Tanness, Anyone? Oscars and the Bronze Beauties


                                  by WALTER BRASCH


It’s the end of February, and one of my friends is still sporting a summer tan. I know it’s phony—and she knows I know it’s phony—but I have long ago stopped teasing her about it. In her never-ending quest to appear to be beautiful and healthy, she has slathered skin tanning lotion into every pore of her body, laid out on roofs and beaches to catch whatever ray was passing by, and goes to a tanning salon once a week. I’m not sure she’s ever stepped into the surf.

For decades, I have endured the scorn of these fake-skin friends, their skin tanned to the color and consistency of obsidian, as they sweat their lives away. Nevertheless, I have always been content to know I don’t need to cremate myself on a rooftop to be healthy.

Once, women desperately wanted to look pale. Ashen was to be admired. Pallid was wonderful! The lighter the skin, the healthier they believed they were, even if it meant hiding in a basement and fighting any attempt by Vitamin D to force its way into their lives. These women would read Macbeth and admire the ghost.  Any darkness of the skin reflected that they weren’t women of leisure, but (horrors!) working women—the kind who go out of doors and have to (shudder!) do things.


Then, in the 1920s fashion designer Coco Chanel became bronze, and the Western world decided that suntanned bodies identified women of leisure and privilege. When they couldn’t find enough sun to char their skin and fry their brains, they bought sunlamps, reflectors, and gallons of sprays, gels, powders, and amino acids, guaranteed to make their friends believe they had just returned from a decade in Bermuda—or Nigeria.

In the late 1970s tanning salons became popular in the United States. In the semi-privacy of a casket, people could pay a few bucks for a few minutes of UVA rays, slather on even more lotion, and look even healthier! Have you ever seen what a couple of hours a day in the sun can do to an unprotected body over a few years? If you don’t have to chase knife-wielding scouts from the Tandy Leather Factory from trying to skin you, then you have a chance to live until a ripe old age of at least 50. And if Tandy doesn’t get you, there’s a pile of melanoma waiting. Ever see what cancer of the eye or ear looks like? Ever see a jellyfish on a rotting log?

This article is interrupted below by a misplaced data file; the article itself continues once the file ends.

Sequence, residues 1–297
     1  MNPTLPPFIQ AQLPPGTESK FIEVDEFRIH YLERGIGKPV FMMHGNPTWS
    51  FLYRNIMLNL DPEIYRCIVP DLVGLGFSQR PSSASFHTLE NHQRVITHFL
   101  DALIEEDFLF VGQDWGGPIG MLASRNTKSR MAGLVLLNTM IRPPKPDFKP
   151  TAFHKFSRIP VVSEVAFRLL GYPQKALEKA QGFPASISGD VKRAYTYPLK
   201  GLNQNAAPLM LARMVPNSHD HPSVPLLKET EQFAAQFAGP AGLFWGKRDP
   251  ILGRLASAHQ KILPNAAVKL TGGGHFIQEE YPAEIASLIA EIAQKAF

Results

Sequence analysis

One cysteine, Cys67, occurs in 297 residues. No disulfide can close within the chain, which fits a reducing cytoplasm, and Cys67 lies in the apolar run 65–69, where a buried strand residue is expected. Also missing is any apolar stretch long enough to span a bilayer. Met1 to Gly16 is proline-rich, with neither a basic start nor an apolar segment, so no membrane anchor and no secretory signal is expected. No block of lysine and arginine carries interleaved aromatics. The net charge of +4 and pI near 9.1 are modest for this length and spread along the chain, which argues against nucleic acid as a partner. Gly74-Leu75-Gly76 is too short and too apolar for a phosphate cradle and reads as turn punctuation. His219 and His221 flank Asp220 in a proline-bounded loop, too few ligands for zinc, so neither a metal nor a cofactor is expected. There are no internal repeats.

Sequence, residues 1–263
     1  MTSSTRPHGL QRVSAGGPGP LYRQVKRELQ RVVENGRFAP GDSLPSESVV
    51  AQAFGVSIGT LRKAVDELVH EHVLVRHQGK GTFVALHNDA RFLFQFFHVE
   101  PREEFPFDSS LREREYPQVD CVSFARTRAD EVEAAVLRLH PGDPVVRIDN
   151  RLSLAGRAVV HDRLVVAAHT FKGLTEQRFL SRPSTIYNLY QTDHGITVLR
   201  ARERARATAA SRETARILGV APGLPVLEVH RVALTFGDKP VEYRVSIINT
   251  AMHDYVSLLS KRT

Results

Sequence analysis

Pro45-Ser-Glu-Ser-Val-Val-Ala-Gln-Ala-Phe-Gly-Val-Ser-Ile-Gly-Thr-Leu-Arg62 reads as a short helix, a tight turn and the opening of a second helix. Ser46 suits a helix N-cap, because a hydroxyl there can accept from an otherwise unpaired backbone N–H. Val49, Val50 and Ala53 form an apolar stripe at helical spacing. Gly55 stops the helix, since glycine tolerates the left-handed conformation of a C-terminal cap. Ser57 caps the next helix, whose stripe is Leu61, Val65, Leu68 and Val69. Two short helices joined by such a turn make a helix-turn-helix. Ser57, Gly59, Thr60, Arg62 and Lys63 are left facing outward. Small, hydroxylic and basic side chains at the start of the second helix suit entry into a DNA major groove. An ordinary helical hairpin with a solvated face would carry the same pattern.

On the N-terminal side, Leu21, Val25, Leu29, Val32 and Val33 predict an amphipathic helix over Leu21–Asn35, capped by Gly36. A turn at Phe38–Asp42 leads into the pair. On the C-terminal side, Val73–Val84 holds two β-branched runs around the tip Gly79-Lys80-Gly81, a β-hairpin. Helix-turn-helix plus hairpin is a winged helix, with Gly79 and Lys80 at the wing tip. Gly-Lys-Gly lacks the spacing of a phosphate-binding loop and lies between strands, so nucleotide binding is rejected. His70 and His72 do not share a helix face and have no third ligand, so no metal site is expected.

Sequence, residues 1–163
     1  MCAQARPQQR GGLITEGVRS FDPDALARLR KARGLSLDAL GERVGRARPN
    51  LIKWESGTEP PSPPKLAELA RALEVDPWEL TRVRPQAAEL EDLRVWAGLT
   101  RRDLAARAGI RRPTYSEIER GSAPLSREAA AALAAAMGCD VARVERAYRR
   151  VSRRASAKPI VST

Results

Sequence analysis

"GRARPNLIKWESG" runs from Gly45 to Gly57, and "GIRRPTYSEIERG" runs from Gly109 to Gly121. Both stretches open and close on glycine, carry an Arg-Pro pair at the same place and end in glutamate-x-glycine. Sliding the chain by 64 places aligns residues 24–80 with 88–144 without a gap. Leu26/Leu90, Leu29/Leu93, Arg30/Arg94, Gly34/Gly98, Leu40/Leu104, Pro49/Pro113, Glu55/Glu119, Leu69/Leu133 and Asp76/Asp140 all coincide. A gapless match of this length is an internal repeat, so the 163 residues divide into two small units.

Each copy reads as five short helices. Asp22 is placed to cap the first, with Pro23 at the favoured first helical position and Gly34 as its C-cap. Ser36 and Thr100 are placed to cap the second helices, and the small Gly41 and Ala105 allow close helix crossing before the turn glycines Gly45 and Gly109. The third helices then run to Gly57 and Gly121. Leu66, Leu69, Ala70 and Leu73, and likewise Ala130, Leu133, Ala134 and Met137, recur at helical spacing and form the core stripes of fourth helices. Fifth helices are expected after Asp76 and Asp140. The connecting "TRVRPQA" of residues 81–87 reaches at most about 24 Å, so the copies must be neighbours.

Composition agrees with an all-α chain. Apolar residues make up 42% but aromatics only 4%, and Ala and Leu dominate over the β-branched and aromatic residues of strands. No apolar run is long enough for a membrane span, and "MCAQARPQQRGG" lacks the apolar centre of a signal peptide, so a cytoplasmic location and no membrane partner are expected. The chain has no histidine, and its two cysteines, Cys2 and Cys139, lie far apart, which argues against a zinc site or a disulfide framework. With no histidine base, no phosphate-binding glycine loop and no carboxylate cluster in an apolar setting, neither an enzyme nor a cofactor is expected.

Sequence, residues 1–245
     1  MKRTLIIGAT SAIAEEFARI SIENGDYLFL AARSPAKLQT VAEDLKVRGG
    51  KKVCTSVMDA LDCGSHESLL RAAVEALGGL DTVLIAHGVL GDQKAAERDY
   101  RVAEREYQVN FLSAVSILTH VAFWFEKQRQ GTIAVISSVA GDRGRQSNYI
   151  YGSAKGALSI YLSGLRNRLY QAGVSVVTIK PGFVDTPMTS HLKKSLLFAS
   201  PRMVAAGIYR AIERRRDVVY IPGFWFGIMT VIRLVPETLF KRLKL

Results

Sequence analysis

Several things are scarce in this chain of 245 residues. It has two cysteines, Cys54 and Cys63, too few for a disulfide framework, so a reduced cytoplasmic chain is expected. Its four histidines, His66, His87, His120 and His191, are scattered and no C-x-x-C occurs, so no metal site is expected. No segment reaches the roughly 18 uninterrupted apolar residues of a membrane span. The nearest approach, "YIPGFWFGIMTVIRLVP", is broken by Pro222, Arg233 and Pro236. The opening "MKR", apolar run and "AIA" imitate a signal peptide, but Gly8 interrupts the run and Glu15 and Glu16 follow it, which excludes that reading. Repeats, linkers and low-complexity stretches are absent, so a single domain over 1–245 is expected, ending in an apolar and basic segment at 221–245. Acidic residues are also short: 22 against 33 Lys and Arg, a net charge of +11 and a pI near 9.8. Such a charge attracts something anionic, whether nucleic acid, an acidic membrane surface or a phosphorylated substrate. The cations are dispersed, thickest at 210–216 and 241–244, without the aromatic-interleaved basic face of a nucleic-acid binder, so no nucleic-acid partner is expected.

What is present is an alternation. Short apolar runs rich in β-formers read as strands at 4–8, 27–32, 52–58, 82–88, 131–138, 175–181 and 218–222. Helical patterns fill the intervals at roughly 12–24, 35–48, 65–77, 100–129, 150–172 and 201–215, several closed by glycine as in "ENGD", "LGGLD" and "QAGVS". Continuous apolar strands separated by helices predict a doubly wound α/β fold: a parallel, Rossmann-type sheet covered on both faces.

Cancer scare? There’s still sunblock. Just pick a number. Any low number. You’ll “protect” yourself and darken up just like that Bain de Soleil model—and look just as good. After all, would advertising agencies lie?


While many people desperately want to have dark skin, they aren’t willing to appear to be “ethnic.” So, just in case someone could confuse them with being Black, Hispanic, Jewish, or any other genetically dark-skinned type, they dye their hair screaming saffron blonde. Just as they believe that the advertising agencies wouldn’t deceive them, they believe blondes have more fun. If that great American philosopher Lady Clairol said it, it must be so. And, of course, there are about 65,000 solutions on the market just designed to make you have fun while you lose every follicle in your genetic pattern.